Originality/value

This study highlights musical instruments as an unusual application of AM. It highlights the potential of AM to create entirely new sounds, which could create a whole new class of musical instruments.

Click here to view access options
Article
Publication date: 27 September 2021

Michele Ciotti, Giampaolo Campana and Mattia Mele

This paper aims to present a survey concerning the accuracy of thermoplastic polymeric parts fabricated by additive manufacturing (AM). Based on the scientific literature…

Abstract

Purpose

This paper aims to present a survey concerning the accuracy of thermoplastic polymeric parts fabricated by additive manufacturing (AM). Based on the scientific literature, the aim is to provide an updated map of trends and gaps in this relevant research field. Several technologies and investigation methods are examined, thus giving an overview and analysis of the growing body of research.

Design/methodology/approach

Permutations of keywords, which concern materials, technologies and the accuracy of thermoplastic polymeric parts fabricated by AM, are used for a systematic search in peer-review databases. The selected articles are screened and ranked to identify those that are more relevant. A bibliometric analysis is performed based on investigated materials and applied technologies of published papers. Finally, each paper is categorised and discussed by considering the implemented research methods.

Findings

The interest in the accuracy of additively manufactured thermoplastics is increasing. The principal sources of inaccuracies are those shrinkages occurring during part solidification. The analysis of the research methods shows a predominance of empirical approaches. Due to the experimental context, those achievements have consequently limited applicability. Analytical and numerical models, which generally require huge computational costs when applied to complex products, are also numerous and are investigated in detail. Several articles deal with artificial intelligence tools and are gaining more and more attention.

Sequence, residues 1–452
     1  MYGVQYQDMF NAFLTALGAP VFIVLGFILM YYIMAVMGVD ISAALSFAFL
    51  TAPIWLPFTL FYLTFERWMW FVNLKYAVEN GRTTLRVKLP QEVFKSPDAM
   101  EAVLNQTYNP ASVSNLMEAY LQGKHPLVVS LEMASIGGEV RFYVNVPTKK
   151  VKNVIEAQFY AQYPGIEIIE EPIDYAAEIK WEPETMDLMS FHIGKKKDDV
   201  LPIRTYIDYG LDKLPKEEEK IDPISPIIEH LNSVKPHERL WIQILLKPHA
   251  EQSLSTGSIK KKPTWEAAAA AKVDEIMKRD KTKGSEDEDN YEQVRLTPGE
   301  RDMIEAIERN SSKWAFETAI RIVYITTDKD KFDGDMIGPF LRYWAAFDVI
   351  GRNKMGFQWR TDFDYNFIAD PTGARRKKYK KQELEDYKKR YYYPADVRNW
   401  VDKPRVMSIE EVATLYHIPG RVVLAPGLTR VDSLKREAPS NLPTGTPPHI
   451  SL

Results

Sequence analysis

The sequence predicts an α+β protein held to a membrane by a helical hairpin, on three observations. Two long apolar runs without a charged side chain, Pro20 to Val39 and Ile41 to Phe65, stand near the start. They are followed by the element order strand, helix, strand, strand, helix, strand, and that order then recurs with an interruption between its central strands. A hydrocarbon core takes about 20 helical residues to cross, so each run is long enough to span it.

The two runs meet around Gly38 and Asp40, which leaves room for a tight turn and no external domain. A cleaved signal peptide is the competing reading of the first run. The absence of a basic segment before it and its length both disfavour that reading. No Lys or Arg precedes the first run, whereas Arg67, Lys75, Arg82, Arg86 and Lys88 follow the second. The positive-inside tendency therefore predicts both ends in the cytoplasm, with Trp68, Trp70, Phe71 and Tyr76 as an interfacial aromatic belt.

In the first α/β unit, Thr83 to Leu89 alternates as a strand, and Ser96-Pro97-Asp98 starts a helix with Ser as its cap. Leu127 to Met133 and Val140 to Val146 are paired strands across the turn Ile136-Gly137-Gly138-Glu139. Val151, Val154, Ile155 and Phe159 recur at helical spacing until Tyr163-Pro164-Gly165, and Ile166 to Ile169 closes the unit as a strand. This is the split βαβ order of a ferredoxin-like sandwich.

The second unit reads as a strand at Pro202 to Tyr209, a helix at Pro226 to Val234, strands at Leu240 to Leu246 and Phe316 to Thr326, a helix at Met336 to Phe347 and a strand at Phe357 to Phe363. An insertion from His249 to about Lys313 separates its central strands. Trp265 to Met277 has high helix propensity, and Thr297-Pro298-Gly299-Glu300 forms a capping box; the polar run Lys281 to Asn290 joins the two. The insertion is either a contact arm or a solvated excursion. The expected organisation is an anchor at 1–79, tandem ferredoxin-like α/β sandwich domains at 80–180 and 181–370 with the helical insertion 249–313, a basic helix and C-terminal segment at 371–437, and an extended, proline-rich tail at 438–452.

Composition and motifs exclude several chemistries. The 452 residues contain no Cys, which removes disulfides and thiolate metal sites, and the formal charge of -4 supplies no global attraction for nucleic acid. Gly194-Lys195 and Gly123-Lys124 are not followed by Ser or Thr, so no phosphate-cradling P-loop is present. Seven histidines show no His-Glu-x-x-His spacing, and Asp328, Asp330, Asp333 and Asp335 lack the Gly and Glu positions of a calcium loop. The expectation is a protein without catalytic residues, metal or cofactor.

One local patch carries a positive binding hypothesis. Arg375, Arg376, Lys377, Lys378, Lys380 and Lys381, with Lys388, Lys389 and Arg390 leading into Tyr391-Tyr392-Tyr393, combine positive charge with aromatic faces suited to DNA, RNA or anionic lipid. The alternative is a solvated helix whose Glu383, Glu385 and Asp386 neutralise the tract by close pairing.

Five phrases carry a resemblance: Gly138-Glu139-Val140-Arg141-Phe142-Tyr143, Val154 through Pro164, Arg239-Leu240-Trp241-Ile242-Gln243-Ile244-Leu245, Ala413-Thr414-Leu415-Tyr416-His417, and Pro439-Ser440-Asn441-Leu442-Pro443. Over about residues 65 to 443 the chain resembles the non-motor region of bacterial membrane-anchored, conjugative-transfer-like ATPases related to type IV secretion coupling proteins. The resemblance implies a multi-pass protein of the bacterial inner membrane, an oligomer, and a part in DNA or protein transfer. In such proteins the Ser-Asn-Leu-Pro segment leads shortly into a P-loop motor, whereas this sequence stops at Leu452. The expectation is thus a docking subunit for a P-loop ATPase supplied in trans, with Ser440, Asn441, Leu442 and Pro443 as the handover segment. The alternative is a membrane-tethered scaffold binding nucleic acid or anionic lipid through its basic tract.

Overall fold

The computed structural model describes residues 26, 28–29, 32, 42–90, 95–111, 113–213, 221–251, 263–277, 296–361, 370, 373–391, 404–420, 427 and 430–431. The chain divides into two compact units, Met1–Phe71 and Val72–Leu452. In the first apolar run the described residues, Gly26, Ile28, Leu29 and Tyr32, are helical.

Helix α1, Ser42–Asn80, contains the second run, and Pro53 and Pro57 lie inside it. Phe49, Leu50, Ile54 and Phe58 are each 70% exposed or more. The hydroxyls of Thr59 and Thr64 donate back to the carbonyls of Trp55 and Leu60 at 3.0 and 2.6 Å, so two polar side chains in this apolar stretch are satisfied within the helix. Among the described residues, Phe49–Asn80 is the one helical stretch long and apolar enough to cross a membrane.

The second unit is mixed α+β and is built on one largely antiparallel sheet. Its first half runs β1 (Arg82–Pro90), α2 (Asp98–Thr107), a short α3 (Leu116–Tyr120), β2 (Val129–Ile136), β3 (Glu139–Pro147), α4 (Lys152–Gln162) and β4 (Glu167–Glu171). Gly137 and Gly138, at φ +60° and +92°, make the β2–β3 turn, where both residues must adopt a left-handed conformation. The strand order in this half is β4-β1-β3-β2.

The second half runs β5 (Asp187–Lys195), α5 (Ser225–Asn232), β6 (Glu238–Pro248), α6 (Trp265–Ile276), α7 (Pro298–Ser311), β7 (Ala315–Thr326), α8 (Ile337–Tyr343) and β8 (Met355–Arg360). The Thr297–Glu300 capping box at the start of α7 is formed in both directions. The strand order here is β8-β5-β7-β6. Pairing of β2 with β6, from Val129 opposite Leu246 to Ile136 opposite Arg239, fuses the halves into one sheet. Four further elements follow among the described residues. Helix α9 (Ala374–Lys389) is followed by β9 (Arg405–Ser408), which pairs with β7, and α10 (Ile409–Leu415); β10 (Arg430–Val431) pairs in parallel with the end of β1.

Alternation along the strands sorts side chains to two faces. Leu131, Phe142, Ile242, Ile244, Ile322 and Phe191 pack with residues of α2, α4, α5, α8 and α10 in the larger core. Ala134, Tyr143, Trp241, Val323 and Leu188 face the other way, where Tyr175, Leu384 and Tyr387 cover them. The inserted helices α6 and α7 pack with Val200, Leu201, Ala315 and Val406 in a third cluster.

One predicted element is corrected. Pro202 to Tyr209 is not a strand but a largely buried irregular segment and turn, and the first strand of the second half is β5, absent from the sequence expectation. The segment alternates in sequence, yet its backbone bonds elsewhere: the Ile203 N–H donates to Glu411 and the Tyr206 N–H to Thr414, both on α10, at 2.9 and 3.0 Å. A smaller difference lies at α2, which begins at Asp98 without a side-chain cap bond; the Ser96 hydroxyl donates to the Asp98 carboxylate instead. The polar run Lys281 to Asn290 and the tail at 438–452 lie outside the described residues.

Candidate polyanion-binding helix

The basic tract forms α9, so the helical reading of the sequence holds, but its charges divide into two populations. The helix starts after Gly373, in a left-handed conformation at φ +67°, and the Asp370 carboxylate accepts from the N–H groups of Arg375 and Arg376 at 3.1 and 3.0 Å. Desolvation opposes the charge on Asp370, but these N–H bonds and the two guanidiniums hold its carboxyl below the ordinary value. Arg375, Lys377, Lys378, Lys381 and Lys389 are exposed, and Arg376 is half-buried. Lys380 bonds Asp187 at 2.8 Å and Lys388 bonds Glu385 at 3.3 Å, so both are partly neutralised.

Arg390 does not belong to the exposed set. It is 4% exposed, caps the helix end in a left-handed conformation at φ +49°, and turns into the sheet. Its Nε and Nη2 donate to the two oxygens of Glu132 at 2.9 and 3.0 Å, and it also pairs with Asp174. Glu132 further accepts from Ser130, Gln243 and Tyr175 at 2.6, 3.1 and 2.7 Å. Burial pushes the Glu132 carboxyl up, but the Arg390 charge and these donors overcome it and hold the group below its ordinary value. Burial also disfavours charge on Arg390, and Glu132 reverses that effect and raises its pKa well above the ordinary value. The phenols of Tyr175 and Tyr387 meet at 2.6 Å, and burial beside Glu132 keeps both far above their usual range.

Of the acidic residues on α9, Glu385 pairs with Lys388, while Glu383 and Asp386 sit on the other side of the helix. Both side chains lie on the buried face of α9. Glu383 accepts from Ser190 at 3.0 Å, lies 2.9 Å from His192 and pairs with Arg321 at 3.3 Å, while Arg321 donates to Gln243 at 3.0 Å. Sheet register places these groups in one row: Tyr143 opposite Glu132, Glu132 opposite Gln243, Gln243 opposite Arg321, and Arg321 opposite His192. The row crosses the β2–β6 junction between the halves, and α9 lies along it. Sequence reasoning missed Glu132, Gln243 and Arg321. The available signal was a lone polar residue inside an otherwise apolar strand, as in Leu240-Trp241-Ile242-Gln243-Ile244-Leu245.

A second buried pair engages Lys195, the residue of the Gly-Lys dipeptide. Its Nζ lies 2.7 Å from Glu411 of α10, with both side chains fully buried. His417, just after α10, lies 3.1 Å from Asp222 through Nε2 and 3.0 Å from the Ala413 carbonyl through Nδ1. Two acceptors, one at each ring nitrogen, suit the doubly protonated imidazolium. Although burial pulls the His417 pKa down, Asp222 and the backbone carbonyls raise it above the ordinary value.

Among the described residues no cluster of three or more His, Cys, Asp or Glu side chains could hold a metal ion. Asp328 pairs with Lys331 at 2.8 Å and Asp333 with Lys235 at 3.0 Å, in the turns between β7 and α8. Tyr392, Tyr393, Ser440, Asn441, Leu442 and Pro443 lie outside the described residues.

Originality/value

The cross-technology survey on the accuracy issue highlights the common critical aspects of thermoplastics transformed by AM. An updated map of the recent research literature is achieved. The analysis shows the advantages and limitations of different research methods in this field, providing an overview of research trends and gaps.

Details

Rapid Prototyping Journal, vol. ahead-of-print no. ahead-of-print
Type: Research Article
ISSN: 1355-2546

Keywords

Click here to view access options
Article
Publication date: 10 August 2018

Daniel R. Eyers, Andrew T. Potter, Jonathan Gosling and Mohamed M. Naim

Flexibility is a fundamental performance objective for manufacturing operations, allowing them to respond to changing requirements in uncertain and competitive global…

Downloads
1524

Abstract

Purpose

Flexibility is a fundamental performance objective for manufacturing operations, allowing them to respond to changing requirements in uncertain and competitive global markets. Additive manufacturing machines are often described as “flexible,” but there is no detailed understanding of such flexibility in an operations management context. The purpose of this paper is to examine flexibility from a manufacturing systems perspective, demonstrating the different competencies that can be achieved and the factors that can inhibit these in commercial practice.